Week 2 Reflection: Rethinking and Making

This past week we got to learn about the facilities on campus and around the community that provide excellent resources in 3D printing. The director of Champaign-Urbana Community Fab Lab, Jeff Ginger came into talk about the Maker Movement and how it’s a center player in the movement. The Fab Lab runs classes, collaborate grants, and supports research. Classes are available for everyone. One of the most memorable parts of the presentation was when Jeff talked about how professional artists integrate both business skills as wells as artistic skills to create their own products and start their own business. One person, he talked about was Judy Lee, an artist that used the Fab Lab resources to help produce her book and other book-related products (mini keychains, sculptures, etc.) through Adobe Illustrator and 3D printing. Her story really clicked with me since I hold very similar dreams and aspirations of incorporating my business skills in accounting and information systems to start my own business that involves both artistic, as well as technological aspects. Hearing about her success within the community, as well as the number of donors that support her work is very encouraging.

The article “How to Make Almost Anything” was both insightful and challenged me to think of innovative ways to make useful everyday objects. We live in a time were indulging and consuming ready-made products are the status quo. I realized I also fall victim to such a materialistic mindset of buying whatever I needed. If I needed a phone holder, I would buy one on Amazon. If I needed a cup to drink a beverage from, I would buy one from a local grocery store. Before this class, I never thought that I could make such a wide range products with such a machine. This article made rethink of a number of resources I consume and money that I waste from buying easily 3D makeable objects. Additionally, “blueprints” of objects are easily accessible and free through open source websites like Thingiverse and Tinkercad. I was able to apply this by printing a keychain (http://www.thingiverse.com/thing:596527).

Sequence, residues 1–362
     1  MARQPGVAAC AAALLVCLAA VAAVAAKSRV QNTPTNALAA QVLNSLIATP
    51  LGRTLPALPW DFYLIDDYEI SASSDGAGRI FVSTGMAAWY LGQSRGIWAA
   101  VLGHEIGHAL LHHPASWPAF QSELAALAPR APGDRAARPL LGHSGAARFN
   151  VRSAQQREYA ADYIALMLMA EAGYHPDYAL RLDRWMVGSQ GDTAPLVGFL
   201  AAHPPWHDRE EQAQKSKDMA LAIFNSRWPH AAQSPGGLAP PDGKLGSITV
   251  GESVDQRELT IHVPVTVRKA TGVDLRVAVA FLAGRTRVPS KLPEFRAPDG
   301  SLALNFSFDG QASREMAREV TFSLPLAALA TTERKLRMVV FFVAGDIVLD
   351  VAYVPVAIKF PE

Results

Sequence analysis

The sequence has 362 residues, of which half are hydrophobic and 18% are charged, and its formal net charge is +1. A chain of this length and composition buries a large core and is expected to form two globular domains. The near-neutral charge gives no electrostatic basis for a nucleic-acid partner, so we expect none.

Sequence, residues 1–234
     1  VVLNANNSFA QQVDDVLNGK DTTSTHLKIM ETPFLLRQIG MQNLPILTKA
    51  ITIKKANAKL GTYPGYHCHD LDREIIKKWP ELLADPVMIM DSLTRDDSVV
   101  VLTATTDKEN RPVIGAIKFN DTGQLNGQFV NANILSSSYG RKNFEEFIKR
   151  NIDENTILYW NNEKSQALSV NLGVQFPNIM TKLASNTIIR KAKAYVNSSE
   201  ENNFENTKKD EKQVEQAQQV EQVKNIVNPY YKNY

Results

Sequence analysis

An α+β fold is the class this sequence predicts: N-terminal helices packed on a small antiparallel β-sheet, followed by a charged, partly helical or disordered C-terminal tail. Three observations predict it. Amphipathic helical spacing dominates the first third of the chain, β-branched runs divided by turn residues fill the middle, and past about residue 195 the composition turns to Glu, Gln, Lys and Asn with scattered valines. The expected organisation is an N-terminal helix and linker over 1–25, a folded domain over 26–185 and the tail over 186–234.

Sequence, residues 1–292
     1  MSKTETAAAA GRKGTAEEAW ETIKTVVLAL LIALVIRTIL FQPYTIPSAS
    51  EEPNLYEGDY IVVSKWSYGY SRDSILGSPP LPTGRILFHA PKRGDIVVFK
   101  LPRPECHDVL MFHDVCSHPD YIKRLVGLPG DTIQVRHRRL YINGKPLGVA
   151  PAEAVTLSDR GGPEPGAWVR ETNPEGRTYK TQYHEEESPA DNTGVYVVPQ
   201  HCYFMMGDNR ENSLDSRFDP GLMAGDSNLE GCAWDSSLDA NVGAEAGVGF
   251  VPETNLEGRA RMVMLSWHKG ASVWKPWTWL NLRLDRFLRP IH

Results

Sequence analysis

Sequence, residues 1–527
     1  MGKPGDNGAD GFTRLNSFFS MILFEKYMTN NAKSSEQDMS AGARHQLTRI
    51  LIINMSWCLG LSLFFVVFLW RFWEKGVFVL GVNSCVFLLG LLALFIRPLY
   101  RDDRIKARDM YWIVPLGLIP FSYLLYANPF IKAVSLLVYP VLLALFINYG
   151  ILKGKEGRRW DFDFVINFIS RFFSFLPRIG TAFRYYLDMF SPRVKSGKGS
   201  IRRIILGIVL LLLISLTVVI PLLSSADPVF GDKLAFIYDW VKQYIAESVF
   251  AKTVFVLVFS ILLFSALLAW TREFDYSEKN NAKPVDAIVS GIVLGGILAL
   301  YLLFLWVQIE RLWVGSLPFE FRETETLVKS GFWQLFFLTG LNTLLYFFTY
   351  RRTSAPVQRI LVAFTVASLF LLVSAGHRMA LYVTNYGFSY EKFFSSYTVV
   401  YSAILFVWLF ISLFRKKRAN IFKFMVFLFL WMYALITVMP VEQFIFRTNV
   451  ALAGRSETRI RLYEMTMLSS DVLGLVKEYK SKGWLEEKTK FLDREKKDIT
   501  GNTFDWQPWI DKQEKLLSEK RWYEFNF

Chip Bag Clip http://www.thingiverse.com/thing:1212828

I find that this object is very applicable in my life. I love snacking, but sometimes when I have a big bag of chips, I have trouble keeping my snack fresh because I have no way of closing the bag. This object helps will help keep my snacks fresh. I would, however, try to redesign it so that it encloses a larger surface area.

Phone Holder http://www.thingiverse.com/thing:1041363

I FaceTime my mom every day to keep her company. This object enables me to keep it in a single position while doing other work. This phone holder does not seem to be adjustable, since everybody is of different lengths, having an adjustable and rotatable base would be advantageous. I would also a cutout at the bottom so that I could charge my phone while it’s on the holder,

Selfie Stick https://www.myminifactory.com/object/selfie-stick-11330

I love taking pictures since I believe that documenting my day to day life is important. What better way to do so but to have a portable and adjustable selfie stick with you at all times. I would make it so that the selfie stick base would be rotatable. Furthermore, I would also make sure that it could extend longer.

USB Cord Rack http://www.thingiverse.com/thing:829745

I would definitely need this. I have so many cords around my room that it’s not only dangerous for me if I stepped on one, but it could also potentially damage the cord. This rack helps separate one cord from another and keeps the cords organized.

Week #2: The Beginning of the Maker Movement

Class last week was very informative for me. I had a brief knowledge of 3D printing from working in the lab the previous semester. 3D printing is making its way into almost everything from medicine to automobiles. I had no idea that there was a “Maker Movement” going on. After reading Dale Dougherty’s article, it brought what is really going on in the world to my attention. The Maker Movement encompasses not only what people are 3D printing in new and different ways, but also people are creating environments to spur creativity in people of all ages.

One thing from Dale’s article that I think will have a major impact will be changing the way in which children learn. Education now has standardized tests and strict guidelines. There is no room for creativity. By implementing creative opportunities into the school system, it will allow children to be as creative as they want to be without being graded or trying to fit into a standard that is the accepted correct answer. Maker spaces will involve more project and idea based learning that will help children develop to reach their full potential.